I’ve been through way too many job interviews in my life, and most of them focus on motivation. You simply could never say “Look, I’m ambivalent about what the company does, but here’s how I plan to use deep work, my skills, background, and knowledge to make a large contribution.” That’s a bit extreme, but talking about the habits that will make you successful is a faux pas at job interviews. Perhaps not surprisingly, interviews have become ridiculous as companies seemingly have no ability to connect the dots of cause and effect when hiring (that link is worth a look, it’s truly baffling).
The other key is focus. Aptly enough, a coworker got me interested in the concept of Stolen Focus — this interview with the author is really good.
I’ve seen it in my own life and watching others: there’s a complete inability to do what needs to be done, whether that be concreting on studies, putting in the time and effort of a relationship, finishing work tasks well, or something as simple as getting enough sleep before something important, all because you don’t have the ability not to check telegram, facebook, reddit or whatever. Stories of people who threw away great lives because they couldn’t stop drinking have long been cliche, but there are many untold stories of relationships severed, jobs lost, and lives ending in misery because people couldn’t put down their phones.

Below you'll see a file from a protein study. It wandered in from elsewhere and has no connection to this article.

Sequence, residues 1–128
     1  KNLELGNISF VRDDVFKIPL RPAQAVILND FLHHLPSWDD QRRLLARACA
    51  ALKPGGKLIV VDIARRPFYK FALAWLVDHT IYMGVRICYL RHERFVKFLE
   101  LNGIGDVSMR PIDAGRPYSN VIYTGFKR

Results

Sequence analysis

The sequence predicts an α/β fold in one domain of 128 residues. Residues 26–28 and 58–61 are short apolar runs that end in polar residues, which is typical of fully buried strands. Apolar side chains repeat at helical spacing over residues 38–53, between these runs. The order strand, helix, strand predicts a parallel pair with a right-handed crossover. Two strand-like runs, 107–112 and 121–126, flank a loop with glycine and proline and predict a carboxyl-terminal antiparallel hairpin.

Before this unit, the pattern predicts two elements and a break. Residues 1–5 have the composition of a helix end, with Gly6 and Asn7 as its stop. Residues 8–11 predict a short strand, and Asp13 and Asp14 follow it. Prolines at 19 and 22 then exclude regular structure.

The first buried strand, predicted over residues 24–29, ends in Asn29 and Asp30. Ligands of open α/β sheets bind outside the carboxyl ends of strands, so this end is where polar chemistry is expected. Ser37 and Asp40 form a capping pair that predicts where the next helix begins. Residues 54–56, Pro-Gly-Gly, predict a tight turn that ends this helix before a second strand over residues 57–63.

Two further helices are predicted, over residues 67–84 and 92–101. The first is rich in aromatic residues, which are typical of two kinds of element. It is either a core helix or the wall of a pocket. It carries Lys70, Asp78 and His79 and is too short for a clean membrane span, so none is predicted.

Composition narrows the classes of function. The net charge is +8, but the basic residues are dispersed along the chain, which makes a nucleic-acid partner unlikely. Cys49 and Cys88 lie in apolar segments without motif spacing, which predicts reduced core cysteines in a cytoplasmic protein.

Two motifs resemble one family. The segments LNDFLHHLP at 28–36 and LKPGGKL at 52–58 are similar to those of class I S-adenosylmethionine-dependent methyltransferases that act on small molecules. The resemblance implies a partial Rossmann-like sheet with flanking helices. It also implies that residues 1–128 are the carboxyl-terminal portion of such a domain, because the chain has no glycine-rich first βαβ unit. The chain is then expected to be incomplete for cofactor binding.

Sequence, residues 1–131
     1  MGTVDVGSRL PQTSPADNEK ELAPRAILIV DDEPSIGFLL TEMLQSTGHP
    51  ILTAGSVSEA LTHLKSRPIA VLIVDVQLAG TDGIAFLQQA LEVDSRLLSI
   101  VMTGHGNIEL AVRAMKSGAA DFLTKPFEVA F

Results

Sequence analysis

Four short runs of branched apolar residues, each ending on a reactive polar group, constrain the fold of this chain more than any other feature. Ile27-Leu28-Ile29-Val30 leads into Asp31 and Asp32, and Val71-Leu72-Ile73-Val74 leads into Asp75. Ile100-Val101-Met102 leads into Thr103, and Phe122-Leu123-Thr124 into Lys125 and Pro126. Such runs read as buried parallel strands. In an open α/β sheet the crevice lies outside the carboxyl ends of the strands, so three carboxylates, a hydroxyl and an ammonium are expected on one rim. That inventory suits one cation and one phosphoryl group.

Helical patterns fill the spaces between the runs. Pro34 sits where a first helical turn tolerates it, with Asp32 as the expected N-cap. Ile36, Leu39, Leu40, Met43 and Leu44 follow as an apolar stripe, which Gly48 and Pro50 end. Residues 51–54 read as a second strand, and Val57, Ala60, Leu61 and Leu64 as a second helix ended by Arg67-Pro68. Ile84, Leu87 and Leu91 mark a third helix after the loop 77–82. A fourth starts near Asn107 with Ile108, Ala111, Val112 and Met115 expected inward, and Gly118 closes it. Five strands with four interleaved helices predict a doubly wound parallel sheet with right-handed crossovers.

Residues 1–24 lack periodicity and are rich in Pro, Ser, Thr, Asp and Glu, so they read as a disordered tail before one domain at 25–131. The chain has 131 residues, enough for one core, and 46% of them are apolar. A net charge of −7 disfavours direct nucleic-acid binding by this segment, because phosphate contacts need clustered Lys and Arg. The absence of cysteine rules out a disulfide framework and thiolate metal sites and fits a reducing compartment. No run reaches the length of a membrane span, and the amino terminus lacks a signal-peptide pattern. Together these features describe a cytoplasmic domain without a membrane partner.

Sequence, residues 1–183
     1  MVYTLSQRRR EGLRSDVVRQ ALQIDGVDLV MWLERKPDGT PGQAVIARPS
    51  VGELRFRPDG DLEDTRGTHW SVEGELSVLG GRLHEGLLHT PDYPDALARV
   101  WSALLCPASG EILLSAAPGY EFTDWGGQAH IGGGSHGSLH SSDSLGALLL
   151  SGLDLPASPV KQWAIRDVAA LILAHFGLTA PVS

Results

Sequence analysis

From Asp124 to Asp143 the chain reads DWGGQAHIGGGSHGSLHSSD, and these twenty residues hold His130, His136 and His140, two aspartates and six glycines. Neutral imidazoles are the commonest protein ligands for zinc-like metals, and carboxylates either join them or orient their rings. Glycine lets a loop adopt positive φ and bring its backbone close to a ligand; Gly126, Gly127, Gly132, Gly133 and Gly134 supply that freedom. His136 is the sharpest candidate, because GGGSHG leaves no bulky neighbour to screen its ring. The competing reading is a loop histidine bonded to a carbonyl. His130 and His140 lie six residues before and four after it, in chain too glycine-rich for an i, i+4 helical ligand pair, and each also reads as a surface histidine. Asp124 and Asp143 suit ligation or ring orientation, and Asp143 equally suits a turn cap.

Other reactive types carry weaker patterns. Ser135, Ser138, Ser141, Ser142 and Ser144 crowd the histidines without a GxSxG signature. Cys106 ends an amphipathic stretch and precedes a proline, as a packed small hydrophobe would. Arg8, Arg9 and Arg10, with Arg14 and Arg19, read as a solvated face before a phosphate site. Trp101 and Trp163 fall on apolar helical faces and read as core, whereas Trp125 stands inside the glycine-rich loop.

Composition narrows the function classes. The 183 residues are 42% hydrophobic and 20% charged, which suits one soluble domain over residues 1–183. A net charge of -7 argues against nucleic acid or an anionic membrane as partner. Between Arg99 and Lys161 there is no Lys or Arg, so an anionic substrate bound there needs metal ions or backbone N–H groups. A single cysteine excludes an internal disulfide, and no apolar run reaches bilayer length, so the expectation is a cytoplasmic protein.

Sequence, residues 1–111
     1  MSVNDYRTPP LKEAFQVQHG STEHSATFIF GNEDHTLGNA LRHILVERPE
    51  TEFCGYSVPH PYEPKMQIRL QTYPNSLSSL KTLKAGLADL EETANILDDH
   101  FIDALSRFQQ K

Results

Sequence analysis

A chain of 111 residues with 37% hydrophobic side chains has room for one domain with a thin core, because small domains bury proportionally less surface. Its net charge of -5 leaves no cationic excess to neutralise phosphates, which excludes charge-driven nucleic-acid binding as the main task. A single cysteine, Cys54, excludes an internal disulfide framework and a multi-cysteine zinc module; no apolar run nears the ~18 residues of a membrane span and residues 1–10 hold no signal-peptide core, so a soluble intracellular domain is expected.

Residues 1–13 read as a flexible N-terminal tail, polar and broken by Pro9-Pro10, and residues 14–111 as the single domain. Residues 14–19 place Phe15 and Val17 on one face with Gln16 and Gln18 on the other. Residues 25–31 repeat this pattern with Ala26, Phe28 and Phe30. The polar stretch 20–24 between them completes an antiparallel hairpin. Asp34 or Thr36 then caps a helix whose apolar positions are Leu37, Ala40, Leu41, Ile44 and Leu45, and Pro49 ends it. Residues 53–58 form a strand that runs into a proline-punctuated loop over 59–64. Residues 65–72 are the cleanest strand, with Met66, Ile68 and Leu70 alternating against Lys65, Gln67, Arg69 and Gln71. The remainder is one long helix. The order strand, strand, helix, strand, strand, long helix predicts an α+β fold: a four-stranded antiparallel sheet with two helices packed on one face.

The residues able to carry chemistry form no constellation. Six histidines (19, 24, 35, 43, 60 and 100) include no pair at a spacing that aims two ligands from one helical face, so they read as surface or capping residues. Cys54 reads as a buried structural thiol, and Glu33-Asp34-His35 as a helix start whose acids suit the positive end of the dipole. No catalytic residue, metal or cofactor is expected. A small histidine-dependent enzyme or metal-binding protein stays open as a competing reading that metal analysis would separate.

So yeah, motivation is a good starting point, but discipline and focus are what matters.
A year ago
It was a year ago that I sat staring at my computer screen at 4 AM watching Russian tanks rolling into Ukraine.
Needless to say, this has been one of the most difficult years of my life. There’s survivor’s guilt as I go on with my life from the calm and safety of Amsterdam, where Tetiana and I had moved to from Kyiv just three months before. There’s frustration at how little I can really do to help.
It’s hard to comprehend everything that’s happened. I think of the hundreds of thousands of people in Mariupol that led normal lives on February 23rd, but there’s no real way to comprehend that many of them are forever gone from this world.
I can’t imagine the fear and anxiety that my friends go through each day during airstrikes, power outages, and the looming threat of occupation.
The heroism and dedication of friends that have volunteered to serve, whether on the front or in humanitarian relief is something I that I can only admire from afar.
Alas, this pain won’t soon heal. While my life has gone on outwardly, there’s a part of me that will always grieve.
Taliesin and censorship